Santa Cruz Good Times

Sunday
Dec 21st
Text size
  • Increase font size
  • Default font size
  • Decrease font size

One Great City

Weakerthans indie-rock frontman John K. Samson is mad about Manitoba

I hate Winnipeg,” sings John K. Samson—lead singer of the Canadian indie rock band The Weakerthans—as he channels a fed-up dollar store clerk, a driver stuck in traffic, and The Golden Boy statue atop the Manitoba Legislative Building, on the sarcastically titled track “One Great City!” off the 2003 album, Reconstruction Site.
Samson’s hostility towards the capital city of Manitoba, Canada, is infectious—at least until the song ends with a final strum of guitar. After all, there must be a reason why Samson has chosen to live in the prairie town for his entire life.

“I definitely think about moving, but there’s lots of things that keep me here … it’s the place I write about the most,” he explains. According to Samson, “being incredibly familiar with a place can be good and bad”—the latter resulting in the aforementioned track, plus several others within The Weakerthans’ decade-long discography.

With Samson’s latest endeavor, Provincial, released this January, it is finally obvious how dear Winnipeg is to Samson, whom some know as the ex-bassist of popular punk outfit Propagandhi. Although the 12-track LP is unaffiliated with The Weakerthans, Samson’s solo album is just as raw and rock ’n’ roll as ever, allowing for an even more intimate invitation into his life, with the addition of string, brass and woodwind instruments.
“This project sort of started from me wanting an excuse to drive around the province I live in,” he admits. “I obsessed over this idea where if you wanted to, I could take you to the site of every song.”
Four major Manitoba highways wind through the album—a concept present within the lyrics and album artwork. Each song is represented by one of four symbols, except the final duet, entitled “Taps Reversed,” featuring Samson’s wife, Christine Fellows, on vocals and piano. The song is marked by a red “X” symbolizing “Home.”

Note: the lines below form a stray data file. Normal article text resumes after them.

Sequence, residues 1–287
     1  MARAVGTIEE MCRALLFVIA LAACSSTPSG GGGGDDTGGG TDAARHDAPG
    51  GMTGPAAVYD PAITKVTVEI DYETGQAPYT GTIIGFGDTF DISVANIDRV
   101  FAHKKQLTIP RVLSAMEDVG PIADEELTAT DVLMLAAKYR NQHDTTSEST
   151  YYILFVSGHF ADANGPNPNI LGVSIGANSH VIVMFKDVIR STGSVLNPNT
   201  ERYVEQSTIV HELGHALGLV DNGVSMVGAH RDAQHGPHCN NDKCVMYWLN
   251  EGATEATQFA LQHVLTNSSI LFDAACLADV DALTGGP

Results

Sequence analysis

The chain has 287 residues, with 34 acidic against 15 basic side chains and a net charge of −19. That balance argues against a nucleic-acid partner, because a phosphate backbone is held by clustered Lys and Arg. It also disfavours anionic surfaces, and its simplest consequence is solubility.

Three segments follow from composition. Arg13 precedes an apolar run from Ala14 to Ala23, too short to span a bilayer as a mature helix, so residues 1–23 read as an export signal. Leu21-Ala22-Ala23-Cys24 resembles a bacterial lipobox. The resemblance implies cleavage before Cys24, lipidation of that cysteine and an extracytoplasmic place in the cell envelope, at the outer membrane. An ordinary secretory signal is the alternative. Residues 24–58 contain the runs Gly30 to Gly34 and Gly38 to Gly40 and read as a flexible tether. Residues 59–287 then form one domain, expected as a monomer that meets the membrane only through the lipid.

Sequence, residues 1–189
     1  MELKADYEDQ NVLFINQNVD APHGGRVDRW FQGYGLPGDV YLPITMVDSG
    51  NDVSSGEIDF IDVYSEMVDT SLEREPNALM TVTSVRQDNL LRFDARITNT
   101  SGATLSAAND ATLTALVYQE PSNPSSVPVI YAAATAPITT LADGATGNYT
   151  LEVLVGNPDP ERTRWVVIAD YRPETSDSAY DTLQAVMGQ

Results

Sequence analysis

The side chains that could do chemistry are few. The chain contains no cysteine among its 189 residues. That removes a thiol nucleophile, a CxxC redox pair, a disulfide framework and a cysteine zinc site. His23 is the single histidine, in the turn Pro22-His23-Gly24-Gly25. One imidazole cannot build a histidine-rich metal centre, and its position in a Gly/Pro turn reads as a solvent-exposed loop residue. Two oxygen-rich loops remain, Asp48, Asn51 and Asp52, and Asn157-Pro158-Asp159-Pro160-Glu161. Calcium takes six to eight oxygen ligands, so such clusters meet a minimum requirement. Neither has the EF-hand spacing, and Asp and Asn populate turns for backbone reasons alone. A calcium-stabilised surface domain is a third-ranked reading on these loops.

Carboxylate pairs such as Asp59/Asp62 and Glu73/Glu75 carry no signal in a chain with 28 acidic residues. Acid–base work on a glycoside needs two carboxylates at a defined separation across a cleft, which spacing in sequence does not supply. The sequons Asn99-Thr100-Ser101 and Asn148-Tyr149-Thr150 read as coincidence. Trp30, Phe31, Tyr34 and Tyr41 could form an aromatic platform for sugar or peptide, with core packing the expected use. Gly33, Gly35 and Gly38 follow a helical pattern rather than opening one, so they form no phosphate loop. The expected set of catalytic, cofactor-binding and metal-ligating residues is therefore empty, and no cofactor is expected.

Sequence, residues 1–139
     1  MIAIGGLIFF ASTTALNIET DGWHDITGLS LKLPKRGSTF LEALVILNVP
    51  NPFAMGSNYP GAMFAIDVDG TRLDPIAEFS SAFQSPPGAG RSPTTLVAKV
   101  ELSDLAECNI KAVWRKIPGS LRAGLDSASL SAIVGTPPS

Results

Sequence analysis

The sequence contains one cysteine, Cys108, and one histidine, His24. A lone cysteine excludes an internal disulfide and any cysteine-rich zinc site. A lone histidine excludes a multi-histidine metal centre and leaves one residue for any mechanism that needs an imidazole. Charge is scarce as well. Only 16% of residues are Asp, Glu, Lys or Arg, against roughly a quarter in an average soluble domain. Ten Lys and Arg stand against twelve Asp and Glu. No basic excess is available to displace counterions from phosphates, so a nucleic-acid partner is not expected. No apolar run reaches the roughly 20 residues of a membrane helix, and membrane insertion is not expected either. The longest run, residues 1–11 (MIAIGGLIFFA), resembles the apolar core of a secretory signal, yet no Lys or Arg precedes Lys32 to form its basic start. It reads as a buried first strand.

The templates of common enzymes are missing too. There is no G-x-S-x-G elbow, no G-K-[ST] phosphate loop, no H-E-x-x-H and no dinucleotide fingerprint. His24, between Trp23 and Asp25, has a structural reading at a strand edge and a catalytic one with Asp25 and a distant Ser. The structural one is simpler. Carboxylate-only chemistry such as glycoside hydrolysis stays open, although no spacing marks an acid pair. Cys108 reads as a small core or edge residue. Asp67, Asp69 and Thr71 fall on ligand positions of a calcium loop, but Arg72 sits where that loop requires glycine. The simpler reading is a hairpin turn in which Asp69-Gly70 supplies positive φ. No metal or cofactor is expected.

Sitting shotgun for the journey that became Provincial, was his dog Lucy—sorry to disappoint fans who hoped he owned a housecat named Virtute—the narrator of many songs on Reconstruction Site and Reunion Tour (2007).  
“I always wanted to be a fiction writer growing up,” says Samson—co-founder of the  leftist propaganda and political literature-based publishing company, Arbeiter Ring Publishing—clearing up the Virtute/Lucy mix-up.
Though primarily a product of Samson’s imagination, the tracks on Provincial have some history. Samson conducted a great deal of research: “I went to the Manitoba archives in the local history room at the Winnipeg Library, [and] read about a lot of people at the Ninette Sanatorium.” This facility treated Manitobans infected with tuberculosis in the 1900s and now serves as a historical landmark for Samson’s album.

“There are definitely real people at the foundation of it all,” says Samson, even if they are portrayed as patients with X-ray-induced burn marks and “skinny ghosts dress[ed] like cowboys” during a Ninette Sanatorium Halloween party. This sixth track on the album (Samson’s personal favorite)—“Letter in Icelandic from the Ninette San”—is a chilling, folky four minutes of acoustic guitar, violin, and Samson’s typically twangy vocals.

His storytelling is showcased in the preceding song, also related to Highway 23: “When I Write My Master’s Thesis.” In this upbeat, guitar and drum-heavy lament of a listless grad student—a playful nod to Bob Dylan’s 1971 hit “When I Paint My Masterpiece”—Samson replaces Dylan’s lyrics of “Oh, the streets of Rome are filled with rubble,” with a more modern version: “Oh, the streets of Grand Theft Auto San Andreas fill with smoke.”